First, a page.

Greenpeace now calls Latin America “the leader in whale conservation.”


Links- The Santiago Times

Titulares de hoy: 19/04/07

Note: As a change of pace, today’s “Daily Headlines” will be from the Spanish-language press. Enjoy!

* The U.S. Senate suspended $55 million in funds to Colombia’s armed forces as controversy mounts against President Alvaro Uribe.

* A Mexico City legislator will introduce a bill that would create a taxi service solely for the use of women.

* Several proposals by Hugo Chavez did not get signed into the final declaration of an energy summit hosted by Venezuela.

* Brazil’s highest court started hearings in a trial against 11 former legislators accused of corruption.

* Peru’s foreign affairs minister expressed worry over 7 F-16 fighter jets purchased by Chile and placed at a military base near the Peru-Chile border.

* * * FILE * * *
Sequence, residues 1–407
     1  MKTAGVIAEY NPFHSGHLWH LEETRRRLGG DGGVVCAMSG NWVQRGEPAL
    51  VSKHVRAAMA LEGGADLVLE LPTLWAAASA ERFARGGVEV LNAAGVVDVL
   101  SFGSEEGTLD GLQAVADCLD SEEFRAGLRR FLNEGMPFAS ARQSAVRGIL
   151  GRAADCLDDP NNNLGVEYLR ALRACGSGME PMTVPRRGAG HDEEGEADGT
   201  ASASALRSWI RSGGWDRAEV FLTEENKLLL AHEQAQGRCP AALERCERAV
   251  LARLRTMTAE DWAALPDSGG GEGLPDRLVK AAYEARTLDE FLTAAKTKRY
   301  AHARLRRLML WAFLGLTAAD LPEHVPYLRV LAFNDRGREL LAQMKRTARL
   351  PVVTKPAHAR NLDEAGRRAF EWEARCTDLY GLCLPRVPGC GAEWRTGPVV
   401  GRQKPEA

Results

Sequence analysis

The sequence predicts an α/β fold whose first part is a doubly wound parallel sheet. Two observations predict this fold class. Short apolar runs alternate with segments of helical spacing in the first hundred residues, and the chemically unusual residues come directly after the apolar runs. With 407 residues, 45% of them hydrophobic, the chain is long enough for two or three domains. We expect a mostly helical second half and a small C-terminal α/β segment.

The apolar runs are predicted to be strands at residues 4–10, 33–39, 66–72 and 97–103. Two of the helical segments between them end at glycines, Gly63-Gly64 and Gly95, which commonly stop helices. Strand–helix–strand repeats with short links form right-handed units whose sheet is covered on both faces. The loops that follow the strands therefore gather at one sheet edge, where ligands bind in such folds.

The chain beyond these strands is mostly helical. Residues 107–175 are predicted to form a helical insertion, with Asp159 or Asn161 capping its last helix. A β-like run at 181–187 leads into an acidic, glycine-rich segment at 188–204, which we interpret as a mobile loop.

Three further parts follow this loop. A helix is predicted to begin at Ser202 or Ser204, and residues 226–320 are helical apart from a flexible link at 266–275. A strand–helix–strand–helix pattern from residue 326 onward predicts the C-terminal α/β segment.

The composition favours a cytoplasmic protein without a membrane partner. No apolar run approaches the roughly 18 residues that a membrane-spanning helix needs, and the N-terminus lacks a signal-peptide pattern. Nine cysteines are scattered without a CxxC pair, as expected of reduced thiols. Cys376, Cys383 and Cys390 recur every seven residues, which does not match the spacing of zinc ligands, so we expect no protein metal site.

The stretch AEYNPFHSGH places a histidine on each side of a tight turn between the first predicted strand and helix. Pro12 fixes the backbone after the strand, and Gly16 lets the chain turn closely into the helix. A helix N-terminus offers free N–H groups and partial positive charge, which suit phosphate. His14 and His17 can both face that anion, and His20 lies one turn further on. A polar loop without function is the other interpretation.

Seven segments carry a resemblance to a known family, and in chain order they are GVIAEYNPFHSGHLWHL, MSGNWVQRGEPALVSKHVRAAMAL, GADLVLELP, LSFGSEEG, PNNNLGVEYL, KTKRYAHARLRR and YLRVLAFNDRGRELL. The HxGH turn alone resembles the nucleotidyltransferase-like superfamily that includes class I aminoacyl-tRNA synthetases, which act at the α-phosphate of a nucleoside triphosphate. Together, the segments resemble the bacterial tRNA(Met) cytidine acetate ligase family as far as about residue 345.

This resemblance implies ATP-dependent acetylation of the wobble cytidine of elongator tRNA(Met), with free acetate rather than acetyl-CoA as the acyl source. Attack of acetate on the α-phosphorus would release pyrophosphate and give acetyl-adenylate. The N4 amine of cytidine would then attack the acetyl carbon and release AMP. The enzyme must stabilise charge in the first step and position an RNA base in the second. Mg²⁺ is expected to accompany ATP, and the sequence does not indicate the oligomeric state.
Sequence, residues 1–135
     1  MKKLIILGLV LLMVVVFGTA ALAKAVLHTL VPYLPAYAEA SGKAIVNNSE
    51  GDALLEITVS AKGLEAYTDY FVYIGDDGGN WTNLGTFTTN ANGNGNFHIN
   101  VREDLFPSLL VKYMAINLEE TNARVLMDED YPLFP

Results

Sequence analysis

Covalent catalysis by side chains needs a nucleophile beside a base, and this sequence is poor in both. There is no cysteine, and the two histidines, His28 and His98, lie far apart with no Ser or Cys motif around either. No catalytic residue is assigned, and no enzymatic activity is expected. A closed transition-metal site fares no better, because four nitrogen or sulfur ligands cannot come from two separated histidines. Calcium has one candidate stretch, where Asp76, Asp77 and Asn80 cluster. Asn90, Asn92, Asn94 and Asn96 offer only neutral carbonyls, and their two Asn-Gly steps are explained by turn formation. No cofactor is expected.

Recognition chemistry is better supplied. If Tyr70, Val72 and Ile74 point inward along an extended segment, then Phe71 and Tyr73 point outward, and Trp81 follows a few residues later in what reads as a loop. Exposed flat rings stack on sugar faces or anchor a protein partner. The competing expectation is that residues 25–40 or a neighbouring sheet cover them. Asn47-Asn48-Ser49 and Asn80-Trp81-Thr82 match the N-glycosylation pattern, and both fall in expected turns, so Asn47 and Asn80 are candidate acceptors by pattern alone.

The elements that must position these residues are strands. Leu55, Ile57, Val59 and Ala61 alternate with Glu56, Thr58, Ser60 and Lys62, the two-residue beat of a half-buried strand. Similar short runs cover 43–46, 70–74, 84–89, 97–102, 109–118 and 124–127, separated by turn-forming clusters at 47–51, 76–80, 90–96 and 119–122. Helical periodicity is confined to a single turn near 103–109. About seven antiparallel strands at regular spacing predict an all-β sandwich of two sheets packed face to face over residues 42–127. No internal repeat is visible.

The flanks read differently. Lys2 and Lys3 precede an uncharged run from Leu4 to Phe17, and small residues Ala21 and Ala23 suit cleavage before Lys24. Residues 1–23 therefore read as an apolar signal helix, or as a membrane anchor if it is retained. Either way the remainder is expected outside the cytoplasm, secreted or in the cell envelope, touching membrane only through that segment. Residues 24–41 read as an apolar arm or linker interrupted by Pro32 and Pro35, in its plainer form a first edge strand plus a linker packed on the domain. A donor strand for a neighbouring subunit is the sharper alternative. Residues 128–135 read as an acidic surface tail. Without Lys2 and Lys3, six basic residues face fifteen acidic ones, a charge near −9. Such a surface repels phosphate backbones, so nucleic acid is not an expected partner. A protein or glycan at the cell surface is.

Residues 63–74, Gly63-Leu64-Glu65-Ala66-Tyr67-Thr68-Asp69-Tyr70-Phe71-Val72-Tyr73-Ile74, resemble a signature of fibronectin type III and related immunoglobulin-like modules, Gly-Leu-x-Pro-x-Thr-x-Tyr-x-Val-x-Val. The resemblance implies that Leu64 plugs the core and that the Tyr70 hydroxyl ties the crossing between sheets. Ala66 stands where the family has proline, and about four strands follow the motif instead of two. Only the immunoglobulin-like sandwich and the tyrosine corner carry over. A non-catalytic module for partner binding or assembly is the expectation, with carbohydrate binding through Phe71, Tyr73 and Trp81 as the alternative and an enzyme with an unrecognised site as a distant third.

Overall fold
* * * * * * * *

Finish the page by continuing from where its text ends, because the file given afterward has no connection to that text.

* A massive drug bust in the Argentine province of Santa Fe yielded nearly a ton of marijuana.

* China’s Vice President reaffirmed his country’s ties with Cuba during a visit by senior Cuban officials to Beijing.

* Ecuador has sufficient oil for the next quarter century, according to the country’s energy minister.

* Coffee growers in Honduras warned that they would halt production unless the government passes a law in their favor.

Image- El Universal (Female taxi driver in Mexico City)

Links- El Tiempo, RCN, Clarin, El Universal, Folha Online, La Nacion, Granma, El Comercio, La Razon

Economic growth will weaken

-Contributed by Alison Bowen
Latin America’s economy could begin to decline in 2007, according to an article in the Miami Herald.

According to reports from the International Monetary Fund, the Latin American and Caribbean economies will grow by 4.9 percent this year, compared to 5.5 percent last year. The decline continues into 2008 with 4.2 percent growth.

The dismal forecast follows the region’s best financial three-year period since the 1970s, according to the IMF.

Growth in some countries, including Venezuela and Argentina, may continue, but at a less impressive pace. Economic progress in Chile and Brazil will actually increase.

Partially blamed for the slowed economy is the United State’s economic slowdown, which affects the world economy. Prices of oils and metals, an integral part of Latin American economies, also are expected to drop.